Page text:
South Australia bushfire: Firefighters warn of worsening weather
Firefighters in South Australia say they are racing to contain a major bushfire before soaring temperatures and high winds fuel the blaze.
More than 30 homes are already feared destroyed in the hills behind the city of Adelaide.
More than 500 firefighters are tackling the fires, which have been burning since Friday.
Officials say the blaze is the worst in the area since the Ash Wednesday bushfires in 1983, which left 75 dead.
Temperatures are forecast to hit 34C in Adelaide on Monday before rising to as high as 38C on Tuesday and Wednesday, according to Australia's Bureau of Meteorology.
Speaking to the BBC, Australia's Deputy Prime Minister Warren Truss said: "We are doing everything we possibly can but nature is powerful, fires are powerful and everyone must respond to that threat."
Mention of Ash Wednesday brings back "horrific memories for Australians", Mr Truss said, adding that the consolation this time is there there has been no similar loss of life.
'Race against time'
However, the region is not yet out of danger, South Australian Premier Jay Weatherill said.
"We're really racing against time to try to make sure that we get as much of this contained before the hotter weather and the stronger winds are expected later in the week," he told a press conference.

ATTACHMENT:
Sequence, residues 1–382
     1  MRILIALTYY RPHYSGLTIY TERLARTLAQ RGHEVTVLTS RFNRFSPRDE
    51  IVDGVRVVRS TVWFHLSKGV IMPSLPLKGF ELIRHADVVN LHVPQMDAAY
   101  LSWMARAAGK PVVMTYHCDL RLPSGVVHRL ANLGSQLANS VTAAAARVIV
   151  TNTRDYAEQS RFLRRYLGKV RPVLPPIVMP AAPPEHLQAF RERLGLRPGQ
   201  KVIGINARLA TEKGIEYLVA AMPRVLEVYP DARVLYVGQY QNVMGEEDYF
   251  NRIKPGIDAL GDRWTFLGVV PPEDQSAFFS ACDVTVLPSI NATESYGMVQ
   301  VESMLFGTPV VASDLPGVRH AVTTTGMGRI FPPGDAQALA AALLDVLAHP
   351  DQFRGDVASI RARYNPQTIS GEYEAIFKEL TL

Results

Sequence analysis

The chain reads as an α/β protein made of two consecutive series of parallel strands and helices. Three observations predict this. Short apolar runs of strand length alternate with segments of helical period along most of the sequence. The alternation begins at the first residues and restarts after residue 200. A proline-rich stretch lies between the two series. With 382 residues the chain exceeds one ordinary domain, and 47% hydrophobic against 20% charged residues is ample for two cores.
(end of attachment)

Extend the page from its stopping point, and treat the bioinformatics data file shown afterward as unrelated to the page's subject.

"The objective of this is obviously to ensure that the fire does not spread under the worsening conditions, but also to open up as many areas as possible," Mr Weatherill said.
He said South Australians should prepare for more severe bushfires.
A number of towns remained at risk from uncontrolled fire burning in scrub and grass, and some roads into the fire zone remained closed, said the state's Country Fire Service (CFS).
Chief Officer for the CFS, Greg Nettleton, told local media the number one priority for firefighters was to prepare for possible catastrophic weather conditions expected to hit on Wednesday.
"The winds will swing around to the north. At the moment I think they're predicting somewhere like about 35kph (22mph)," said Mr Nettleton.
"That's enough given the dryness of the country for the fire to spread, so our number one priority is to secure the outer perimeter of that large fire so it doesn't impact on further communities."
An estimated 12,500 hectares of land have been burnt since Friday, according to local media, and firefighters from South Australia, Victoria and New South Wales are battling the fires' 238km perimeter.
Large air tankers are dumping water on the fire front and back-burning operations are underway, where new fires are started in order to burn in the opposite direction to the line of advancing fire.
Of the estimated 1100 properties in the Adelaide Hills, 12 are confirmed destroyed with another 20 believed to have been burnt down. Twenty-two people, mostly firefighters, are reported to have suffered minor injuries.
The Insurance Council of Australia has declared the blaze a "catastrophe", which means insurers can escalate their response, and claims arising from the bushfires should be given priority by insurers.